Carocci, Max (2010) Textiles of healing: Native American AIDS quilts. Textile: The Journal of Cloth and Culture 8 (1), pp. 68-84. ISSN 1475-9756.Full text not available from this repository.
Around the world responses to AIDS and HIV are expressed in material form through idioms mediated by particular social and historical contingencies. In this article I examine at the case of AIDS memorial quilts produced by contemporary Native Americans. The invisible connections between people, their histories, and cultures that are materialized in this particular form of textiles make them culturally significant vehicles for healing practices for many Native Americans, who maintain that the acknowledgment of customary meanings ensures ritual efficacy and curing success. As a particular response to AIDS, grief, death, and healing these objects reveal the social relevance of expressing materially culturally encoded messages that are simultaneously rooted in universally shared idioms and the uniqueness of local experiences.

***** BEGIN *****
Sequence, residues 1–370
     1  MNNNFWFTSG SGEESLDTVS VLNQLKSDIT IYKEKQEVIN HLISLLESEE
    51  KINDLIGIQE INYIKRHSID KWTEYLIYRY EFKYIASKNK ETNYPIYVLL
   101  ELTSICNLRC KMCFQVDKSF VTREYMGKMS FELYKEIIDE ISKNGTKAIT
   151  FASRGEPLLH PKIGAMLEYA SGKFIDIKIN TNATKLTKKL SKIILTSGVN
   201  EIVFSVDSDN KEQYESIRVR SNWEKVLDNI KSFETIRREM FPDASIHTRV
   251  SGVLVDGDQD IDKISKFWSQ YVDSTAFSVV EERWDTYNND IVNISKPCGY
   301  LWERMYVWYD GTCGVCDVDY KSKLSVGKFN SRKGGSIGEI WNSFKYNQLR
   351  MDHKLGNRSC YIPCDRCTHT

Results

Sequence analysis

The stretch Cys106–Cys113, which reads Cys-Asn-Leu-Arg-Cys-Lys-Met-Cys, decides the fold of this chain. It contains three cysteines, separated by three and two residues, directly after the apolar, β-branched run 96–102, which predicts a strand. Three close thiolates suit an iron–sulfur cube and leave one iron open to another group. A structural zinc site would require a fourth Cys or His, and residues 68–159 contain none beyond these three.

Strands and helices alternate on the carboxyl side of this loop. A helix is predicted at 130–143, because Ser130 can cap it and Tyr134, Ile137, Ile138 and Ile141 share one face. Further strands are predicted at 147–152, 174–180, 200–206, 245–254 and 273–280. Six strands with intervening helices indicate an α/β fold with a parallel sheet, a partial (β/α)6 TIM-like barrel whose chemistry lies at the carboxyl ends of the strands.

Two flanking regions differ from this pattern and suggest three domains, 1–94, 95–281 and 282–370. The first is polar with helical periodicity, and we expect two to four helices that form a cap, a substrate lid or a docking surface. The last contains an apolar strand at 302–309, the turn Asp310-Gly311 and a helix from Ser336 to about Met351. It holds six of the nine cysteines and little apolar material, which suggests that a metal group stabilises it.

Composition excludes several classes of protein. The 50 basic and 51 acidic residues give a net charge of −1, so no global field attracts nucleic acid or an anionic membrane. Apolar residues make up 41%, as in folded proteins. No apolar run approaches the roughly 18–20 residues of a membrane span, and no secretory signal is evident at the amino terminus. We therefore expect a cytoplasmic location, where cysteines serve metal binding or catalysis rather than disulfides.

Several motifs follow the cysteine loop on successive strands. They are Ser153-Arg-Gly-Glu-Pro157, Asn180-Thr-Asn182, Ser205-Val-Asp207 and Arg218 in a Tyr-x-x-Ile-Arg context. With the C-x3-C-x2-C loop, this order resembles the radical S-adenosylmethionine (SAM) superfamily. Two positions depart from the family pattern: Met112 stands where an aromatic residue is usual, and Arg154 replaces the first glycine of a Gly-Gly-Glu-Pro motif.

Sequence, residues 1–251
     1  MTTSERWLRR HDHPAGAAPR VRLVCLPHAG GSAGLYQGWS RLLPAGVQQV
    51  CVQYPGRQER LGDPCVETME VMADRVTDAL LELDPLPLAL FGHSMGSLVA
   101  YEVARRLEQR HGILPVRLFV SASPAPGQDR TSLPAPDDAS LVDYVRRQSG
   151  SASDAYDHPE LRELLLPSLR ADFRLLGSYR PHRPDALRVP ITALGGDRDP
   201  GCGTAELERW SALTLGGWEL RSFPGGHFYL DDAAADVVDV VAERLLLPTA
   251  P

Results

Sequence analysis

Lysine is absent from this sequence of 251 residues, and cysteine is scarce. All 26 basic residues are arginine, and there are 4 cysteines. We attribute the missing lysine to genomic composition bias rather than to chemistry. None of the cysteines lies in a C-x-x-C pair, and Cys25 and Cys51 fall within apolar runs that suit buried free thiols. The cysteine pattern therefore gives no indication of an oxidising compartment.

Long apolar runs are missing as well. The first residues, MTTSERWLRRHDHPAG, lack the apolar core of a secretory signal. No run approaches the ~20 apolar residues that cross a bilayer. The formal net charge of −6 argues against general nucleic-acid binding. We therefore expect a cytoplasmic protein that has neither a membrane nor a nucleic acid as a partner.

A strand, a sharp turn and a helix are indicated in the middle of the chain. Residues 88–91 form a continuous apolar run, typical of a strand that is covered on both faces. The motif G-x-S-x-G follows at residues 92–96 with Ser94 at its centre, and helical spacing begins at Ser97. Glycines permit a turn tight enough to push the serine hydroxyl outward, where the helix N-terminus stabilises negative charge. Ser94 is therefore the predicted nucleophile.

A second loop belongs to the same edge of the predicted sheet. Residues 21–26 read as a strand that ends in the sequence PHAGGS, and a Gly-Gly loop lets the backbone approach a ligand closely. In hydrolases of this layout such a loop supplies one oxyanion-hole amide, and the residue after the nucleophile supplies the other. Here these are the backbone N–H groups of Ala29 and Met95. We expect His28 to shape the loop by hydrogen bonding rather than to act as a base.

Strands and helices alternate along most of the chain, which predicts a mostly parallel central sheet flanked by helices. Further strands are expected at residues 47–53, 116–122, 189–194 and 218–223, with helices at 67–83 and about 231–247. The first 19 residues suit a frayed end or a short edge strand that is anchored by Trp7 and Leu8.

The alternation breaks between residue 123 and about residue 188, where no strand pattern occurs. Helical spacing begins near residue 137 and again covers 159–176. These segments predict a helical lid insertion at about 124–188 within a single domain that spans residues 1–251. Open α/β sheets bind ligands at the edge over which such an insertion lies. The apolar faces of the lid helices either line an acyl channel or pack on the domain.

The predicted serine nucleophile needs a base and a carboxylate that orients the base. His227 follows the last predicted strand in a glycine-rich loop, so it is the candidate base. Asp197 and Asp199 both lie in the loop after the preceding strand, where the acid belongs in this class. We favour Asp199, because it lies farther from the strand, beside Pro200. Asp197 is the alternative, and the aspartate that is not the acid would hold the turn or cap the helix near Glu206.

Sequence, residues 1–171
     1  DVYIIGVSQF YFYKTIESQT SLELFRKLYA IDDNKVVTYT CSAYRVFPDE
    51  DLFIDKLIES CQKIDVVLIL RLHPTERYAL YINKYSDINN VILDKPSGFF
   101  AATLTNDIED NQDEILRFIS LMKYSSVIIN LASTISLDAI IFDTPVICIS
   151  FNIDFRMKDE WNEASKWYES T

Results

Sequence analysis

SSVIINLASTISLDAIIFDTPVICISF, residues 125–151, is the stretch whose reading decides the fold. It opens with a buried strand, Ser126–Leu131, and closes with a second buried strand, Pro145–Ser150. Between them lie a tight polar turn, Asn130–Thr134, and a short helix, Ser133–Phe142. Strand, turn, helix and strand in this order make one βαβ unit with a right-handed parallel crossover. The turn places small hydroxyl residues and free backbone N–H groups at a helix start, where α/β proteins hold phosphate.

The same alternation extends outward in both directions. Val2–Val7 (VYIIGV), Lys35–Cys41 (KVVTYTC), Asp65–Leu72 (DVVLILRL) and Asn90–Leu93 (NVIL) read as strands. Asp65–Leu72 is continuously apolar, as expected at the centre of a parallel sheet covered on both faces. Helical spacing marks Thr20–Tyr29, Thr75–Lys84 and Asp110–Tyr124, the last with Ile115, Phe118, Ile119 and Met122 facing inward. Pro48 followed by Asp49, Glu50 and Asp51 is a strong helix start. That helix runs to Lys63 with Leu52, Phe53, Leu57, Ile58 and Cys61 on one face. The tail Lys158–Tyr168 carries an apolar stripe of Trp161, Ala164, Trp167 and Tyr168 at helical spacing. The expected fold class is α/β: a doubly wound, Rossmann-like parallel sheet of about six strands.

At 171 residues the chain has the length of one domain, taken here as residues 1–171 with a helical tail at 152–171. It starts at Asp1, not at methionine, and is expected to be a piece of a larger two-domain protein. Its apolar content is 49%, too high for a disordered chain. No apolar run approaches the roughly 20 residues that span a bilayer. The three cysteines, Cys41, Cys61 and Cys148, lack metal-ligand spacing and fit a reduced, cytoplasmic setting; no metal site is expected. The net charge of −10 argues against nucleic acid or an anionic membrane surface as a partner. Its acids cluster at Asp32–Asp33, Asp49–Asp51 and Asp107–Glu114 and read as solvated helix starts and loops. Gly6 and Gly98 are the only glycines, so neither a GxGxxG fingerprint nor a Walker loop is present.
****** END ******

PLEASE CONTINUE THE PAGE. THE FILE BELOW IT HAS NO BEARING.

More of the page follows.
|Keyword(s) / Subject(s):||AIDS, North American Indians, mourning customs, textiles, material culture, memory, beadwork, blankets, quilts, healing|
|School or Research Centre:||Birkbeck Schools and Research Centres > School of Arts > History of Art|
|Date Deposited:||21 Feb 2011 09:30|
|Last Modified:||17 Apr 2013 12:20|
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